Holy smokes it’s Friday and so close to the holidays to boot! This post won’t be a Christmas special or anything, but today we’re talking how to make fresh new metaphors, smilies, and what have you for your books.
I’m making this post because I was getting so darn frustrated with feeling like I was falling back into the same bad habits every session, especially with emotions. Anger was always hot, fear was always cold. It’s like my MC was going through menopause and her period all the damn time, cold and hot flashes everywhere.
I figured that there had to be better way to come up with better stuff consistently, so I decided to do some snooping around and play test with different methods. And I finally found something helpful. I have to give credit to Rebecca McClanahan’s Word Painting for the idea. She’s a poet who writes powerful description herself, so if you’re still looking for a good description book then her book is worth checking out.
Now for this you will need:
- A Word bank document or something to keep track of new words that you find interesting.
- Books you love
- A document for the exercise
- The patience of Buddha himself (just kidding, you don’t really need this one)
If you have a kindle, this makes your life easier because you can actually get your highlighted notes and just copy and paste them over. I don’t know how this goes for other e-readers I’m afraid so bear with me.
On a side note, I also personally keep the Emotional Thesaurus on hand to help write emotion metaphors. It’s another useful writing tool that helps immensely if you have no clue where to start with describing feelings.
What To Do:
- Step 1: Take two words that seem interesting, the more random the better, but it’s easier if they’re the same part of speech. In the middle of doing this, I found that comparing words that were different parts of speech is a nightmare. So if you want to avoid my nightmare, or valiantly charge into battle like a viking, there ya go.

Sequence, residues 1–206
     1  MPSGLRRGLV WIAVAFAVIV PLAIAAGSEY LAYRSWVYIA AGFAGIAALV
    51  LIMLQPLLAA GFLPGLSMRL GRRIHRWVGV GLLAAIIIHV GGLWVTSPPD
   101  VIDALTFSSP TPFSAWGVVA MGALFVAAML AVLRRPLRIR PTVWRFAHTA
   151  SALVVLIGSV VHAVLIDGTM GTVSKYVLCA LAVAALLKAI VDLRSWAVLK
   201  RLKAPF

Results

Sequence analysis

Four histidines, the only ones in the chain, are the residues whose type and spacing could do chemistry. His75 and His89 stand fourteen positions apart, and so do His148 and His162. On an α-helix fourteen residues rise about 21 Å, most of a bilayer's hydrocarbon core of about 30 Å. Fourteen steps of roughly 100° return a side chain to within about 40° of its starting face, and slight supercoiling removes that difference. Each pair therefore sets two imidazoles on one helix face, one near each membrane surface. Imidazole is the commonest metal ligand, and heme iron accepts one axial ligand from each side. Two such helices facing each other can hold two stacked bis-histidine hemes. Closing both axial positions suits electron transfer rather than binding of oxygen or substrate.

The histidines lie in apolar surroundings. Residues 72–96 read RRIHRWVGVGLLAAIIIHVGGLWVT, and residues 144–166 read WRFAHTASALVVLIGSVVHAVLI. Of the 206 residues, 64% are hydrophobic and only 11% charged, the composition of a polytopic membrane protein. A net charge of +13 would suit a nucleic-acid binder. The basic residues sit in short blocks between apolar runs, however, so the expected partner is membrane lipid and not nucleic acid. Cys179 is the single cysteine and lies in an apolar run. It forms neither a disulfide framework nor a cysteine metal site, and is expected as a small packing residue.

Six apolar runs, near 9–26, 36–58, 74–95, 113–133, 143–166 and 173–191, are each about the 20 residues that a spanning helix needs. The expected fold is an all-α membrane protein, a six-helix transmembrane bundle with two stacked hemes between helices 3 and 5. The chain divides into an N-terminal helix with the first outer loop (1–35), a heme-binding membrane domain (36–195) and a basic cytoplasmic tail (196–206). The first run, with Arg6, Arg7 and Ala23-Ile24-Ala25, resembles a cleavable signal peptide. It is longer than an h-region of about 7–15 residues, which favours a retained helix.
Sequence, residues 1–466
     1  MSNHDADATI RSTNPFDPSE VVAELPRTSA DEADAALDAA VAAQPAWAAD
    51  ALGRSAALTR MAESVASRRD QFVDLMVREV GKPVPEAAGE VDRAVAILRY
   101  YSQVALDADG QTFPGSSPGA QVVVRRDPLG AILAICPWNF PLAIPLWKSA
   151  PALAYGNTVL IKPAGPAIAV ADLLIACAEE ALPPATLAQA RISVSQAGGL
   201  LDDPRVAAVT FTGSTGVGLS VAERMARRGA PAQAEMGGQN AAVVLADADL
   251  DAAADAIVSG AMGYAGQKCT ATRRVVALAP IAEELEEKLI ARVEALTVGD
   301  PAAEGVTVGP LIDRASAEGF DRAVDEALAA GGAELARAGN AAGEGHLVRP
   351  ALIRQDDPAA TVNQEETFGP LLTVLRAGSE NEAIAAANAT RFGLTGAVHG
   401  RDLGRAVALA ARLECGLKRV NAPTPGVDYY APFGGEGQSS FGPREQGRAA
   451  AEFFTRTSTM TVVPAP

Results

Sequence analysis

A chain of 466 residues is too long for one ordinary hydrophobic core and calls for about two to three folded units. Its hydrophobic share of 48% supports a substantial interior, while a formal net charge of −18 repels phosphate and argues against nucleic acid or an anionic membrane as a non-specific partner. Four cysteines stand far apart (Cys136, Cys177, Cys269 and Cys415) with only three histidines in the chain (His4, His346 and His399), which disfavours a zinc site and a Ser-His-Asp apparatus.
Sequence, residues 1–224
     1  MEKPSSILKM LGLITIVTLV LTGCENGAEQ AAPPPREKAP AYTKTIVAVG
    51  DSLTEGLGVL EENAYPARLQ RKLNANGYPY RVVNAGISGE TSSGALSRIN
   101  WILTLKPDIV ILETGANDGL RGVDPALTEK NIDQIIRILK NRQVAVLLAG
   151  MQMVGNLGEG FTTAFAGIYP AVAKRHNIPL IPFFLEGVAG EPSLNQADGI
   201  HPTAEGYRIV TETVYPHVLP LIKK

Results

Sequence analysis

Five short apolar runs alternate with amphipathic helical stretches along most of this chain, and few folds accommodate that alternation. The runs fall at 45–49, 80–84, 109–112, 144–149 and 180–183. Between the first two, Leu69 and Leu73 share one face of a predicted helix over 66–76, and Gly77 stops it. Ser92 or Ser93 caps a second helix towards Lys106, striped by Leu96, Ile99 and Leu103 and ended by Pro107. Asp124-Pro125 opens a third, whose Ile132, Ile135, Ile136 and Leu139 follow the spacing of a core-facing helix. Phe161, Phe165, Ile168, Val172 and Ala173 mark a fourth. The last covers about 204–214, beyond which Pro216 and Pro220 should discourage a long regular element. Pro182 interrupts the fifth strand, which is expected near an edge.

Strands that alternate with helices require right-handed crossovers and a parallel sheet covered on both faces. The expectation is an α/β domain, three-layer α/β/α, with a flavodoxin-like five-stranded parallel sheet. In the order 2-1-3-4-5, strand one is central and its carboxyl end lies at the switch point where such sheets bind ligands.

- Step 2: Compare the damn things. It helps if you prep yourself by doodling any associations that you have with either word. Also, you might want to jot down what they have in common, no matter how small or insignificant.
- Step 3: Don’t worry if you don’t uncover shiny gems at first. You’ll write some duds, for sure. I still do, but the gems will come. It’s important to remember that even if you’re a seasoned description writer, some words just don’t mesh that well on the page and that’s okay. The important thing is that you’re getting used to making these unrelated connections, which ironically is part of the reason why fresh ones are so difficult. We don’t make the associations that easily.
Here’s some examples I came up with from my own scraps to give you an idea of how it goes:
1.Rain. Air freshener.
A warm summer rain spritzing the air like a scentless air freshener. The rain is a scentless air freshener, washing away the lingering smells of illness.
2. Bangles. Crumbs.
Crumbs of bread of croissant fall to the floor in the shape of bangles. Croissant crumbs ring the floors like flaky bangles.
3. Dregs. Anchor.
Tea dregs cast themselves down to the bottom of my cup, tiny anchors collecting in an orange sea.
4. Coriander seeds. She has a mole I want to pick and squeeze. It’s practically a coriander seed growing on her face.
5. Semaphores. Neonsigns.
Neon signs flash like semaphores, trying to flag down youth hungry for the city’s night life.
As you can see, you don’t have to get all formal with it, and it does go to weird directions occasionally. But hey, you don’t have to show people if you don’t want to in the first place! 😀
Hopefully this helps all of you out in some form or another, but I got a get out of dodge. If you have another method that you swear by, or you have a funny metaphor that came from this, share it in the comments below. And don’t forget to have a happy holiday. 🙂